« PreviousContinue »
« Now has thy' kestrell courage fell; And fairies, fince a lye you tell,
• Are free to work thee woe.'
Then Will, who bears the wispy fire
The caitiff upward Aung ;
Where whilome Edwin hung.
The revel now proceeds apace,
They fit, they drink, and eat;
Till all the rout retreat.
By this the stars began to wink;
And down ydrops the knight:
Beyond the length of night.
Chill, dark, alone, adreed, he lay;,
Then deem'd the dole was o'er:
Which Edwin lost afore!
This tale a Sybil-nurse ared:
And when the tale was done,
Thus some are born, my son,' she cries, • With base impediments to rise,
And some are born with none.
But virtue can itself advance
• By fortune feem defign'd;
• Upon th' unworthy mind.'
THE FABLE OF
TO THE BOROUGH-HUNTERS.
BY RICHARD OWEN CAMBRIDGE, ESO
Lotham's fable of the trees is the oldest that is extant, and as beautiful as
any which have been made fince that time.
JUDGES, CHAP. IX.
Still thrives by his oilshop in Leadenhall Street,
• Some books, pr'ythee, landlord, to pafs a dull hour!
O Lord !
• O Lord !' says mine host, you may hunt the town round, • I question if any such thing can be found : • I never was ak'd for a book by a guest ; • And I'm sure I have all the great folk in the West. • None of these, to my knowledge, e'er callid for a book. • But see, Sir, the woman with fish, and the cook! • Here's the fattest of carp; shall we dress you a brace ? · Would you have any foals, or a mullet of plaice ?'
• A place,' quoth the knight, we muft have, to be fure, • But first let us see that our borough's secure, • We'll talk of the place when we've settled the poll : • hey may dress us for supper the mullet and soal. • But do you, my good landlord, look over your shelves, • For a book we must have, we're so tir'd of ourselves.'
• In troth, Sir, I ne'er had a book in my life, • But the prayer-book and bible I bought for my wife.'
• Well! the bible must do: but why don't you take in • Some monthly collection—the new Magazine ?'
The bible was brought, and laid out on the table, And open'd at Jotham's most appofite fable.
Sir Freeport began with this verse, tho' no rhyme « The trees of the foreft went forth on a time,' (To what purpose our candidates scarce could expect, For it was not, they found, to transplant--but ELECT ;) • To the olive and fig-tree their deputies came, • But by both were refus?d, and their answer the same :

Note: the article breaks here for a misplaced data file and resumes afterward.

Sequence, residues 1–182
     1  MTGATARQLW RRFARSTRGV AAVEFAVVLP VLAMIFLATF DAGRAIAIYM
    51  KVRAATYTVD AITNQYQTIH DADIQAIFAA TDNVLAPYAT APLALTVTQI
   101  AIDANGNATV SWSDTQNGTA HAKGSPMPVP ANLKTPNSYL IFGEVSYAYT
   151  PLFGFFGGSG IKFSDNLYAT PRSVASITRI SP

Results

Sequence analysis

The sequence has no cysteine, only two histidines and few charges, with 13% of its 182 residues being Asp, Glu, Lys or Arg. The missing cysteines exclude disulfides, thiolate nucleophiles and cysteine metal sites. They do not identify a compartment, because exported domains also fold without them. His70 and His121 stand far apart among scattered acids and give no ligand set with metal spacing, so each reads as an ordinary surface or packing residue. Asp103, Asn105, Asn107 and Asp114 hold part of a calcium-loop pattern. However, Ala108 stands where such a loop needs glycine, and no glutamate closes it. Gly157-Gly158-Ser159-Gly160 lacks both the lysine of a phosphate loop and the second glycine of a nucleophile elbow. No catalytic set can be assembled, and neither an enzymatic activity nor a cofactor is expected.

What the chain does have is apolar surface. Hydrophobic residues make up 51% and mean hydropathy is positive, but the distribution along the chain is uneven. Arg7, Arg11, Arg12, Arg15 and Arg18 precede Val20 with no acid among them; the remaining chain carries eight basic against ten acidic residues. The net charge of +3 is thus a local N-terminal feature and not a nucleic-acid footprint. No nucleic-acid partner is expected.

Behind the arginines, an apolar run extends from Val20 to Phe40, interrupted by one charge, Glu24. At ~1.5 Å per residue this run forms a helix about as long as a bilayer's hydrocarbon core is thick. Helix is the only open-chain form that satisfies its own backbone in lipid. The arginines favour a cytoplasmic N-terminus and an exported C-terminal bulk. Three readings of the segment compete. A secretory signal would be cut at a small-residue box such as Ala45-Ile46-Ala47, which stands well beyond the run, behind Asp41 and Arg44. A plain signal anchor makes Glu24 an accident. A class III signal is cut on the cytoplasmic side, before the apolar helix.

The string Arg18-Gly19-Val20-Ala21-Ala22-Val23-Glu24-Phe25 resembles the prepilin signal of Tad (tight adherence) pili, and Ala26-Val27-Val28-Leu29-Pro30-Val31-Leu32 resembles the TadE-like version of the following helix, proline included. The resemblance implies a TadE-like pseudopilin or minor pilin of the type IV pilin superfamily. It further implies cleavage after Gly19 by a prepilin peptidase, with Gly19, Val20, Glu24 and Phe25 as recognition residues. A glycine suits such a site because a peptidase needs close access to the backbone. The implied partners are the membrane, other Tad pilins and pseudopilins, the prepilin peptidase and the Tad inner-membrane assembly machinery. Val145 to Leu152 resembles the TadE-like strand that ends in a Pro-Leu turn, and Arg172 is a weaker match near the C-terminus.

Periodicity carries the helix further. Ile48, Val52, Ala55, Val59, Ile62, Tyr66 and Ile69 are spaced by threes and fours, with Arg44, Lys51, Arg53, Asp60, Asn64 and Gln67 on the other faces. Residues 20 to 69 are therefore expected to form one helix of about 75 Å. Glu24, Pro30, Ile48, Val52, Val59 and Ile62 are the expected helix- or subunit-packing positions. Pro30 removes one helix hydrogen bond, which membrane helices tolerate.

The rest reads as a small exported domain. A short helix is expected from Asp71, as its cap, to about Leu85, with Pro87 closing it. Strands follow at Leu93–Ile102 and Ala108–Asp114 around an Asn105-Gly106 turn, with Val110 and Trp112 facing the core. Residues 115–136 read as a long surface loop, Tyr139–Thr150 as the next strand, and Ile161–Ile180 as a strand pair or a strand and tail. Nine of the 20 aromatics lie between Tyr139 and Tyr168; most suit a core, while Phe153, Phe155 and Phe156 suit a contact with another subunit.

Quoth the olive, “ Shall I leave my fatness and oil “ For an unthankful office, a dignify?d toil?" “ Shall I leave," quoth the fig-tree,“ my sweetness and fruit, “ To be envy'd or slavid in so vain a pussựit !” • Thus rebuff’d and surpriz’d they, apply to the vine : • He answer d, “ Shall I leave my grapes and my wine,
(Wine, the sovereign cordial of god and of man!) • To be made or the tool or the head of a clan ;” • At last, as it always falls out in a scramble, • The mob gave the cry for “ A bramble ! a bramble !
" A bramble
« A bramble for ever !". O chance unexpected ! But bramble prevail'd, and was duly elected.'
0! ho !' quoth the knight, with a look most profound, • Now I see there's some good in good books to be found. « I wish I had read this fame bible before; f Of long miles, at the least, 'twould have sav'd us fourscore. • You, Plumb, with your olives and oil might have staid, • And myself might have tarry'd my wines to unlade. • What have merchants to do from their business to ramble! ? Your electioneer-errant should still be a bramble.”
Thus ended at once the wise comment on Jotham,
THE TRANSFORMATION OF LYCON
BY WILLIAM MELMOTH, ESQ.
EEM not, ye plaintive crew, that suffer wrong,.
Ne thou, O man! who deal'lt the cort, misween
(Though viewless to the eyne they distant sheen)
Spectators reckless of our actions been.
Where auncient saws in fable may be seen,
What time Arcadia's flow'ret vallies fam'd,
Pelasgus, first of monarchs old, obey'd;
Unaw'd by conscience, of no gods afraid,
Ne justice ruld his heart, ne mercy fway'd. Some held him kin to that abhorred race,
Which heaven's high towers with mad emprize affay'd; And some his cruel lynage did ytrace From fell Erynnis join'd in Pluto's dire embrace.
But he, perdy, far other tale did feign,
And claim'd alliaunce with the Sitters nine ;
The peerless paragon of wit divine:
Vaunting that every foe should rue it's tine, Right doughty wight! yet, footh, withouten smart,
All powerless fell the lofel's shafts malign: 'Tis Virtue's arm to wield Wit's heavenly dart, Point it's keen barb with force, and send it to the heart,
One only impe he had, Paftora hight,
Whose fweet amenaunce pleas'd each fhepherd's eye: Yet pleas'a le not base Lycon’s evil sprite,
Tho' blame in her not Malice moten spy,
Clear, without spot, as summer's cloudless sky.' Hence poets feign'd, Lycëan Pan array'd
* In Lycon's form, enflam'd with paffion high, • Deceiv'd her mother in the covert glade, • And from the ftol'n embrace ysprong the heavenly maid;'
Thus fabling they. Meanwhile, the damsel fair
A shepherd youth remark'd, as o'er the plain She defly pac'd along so debonair ;
Secm'd she as one of Dian's chosen train.
Full many a fond excuse he knew to feign,
Till love unwares his heedlefs heart did gain.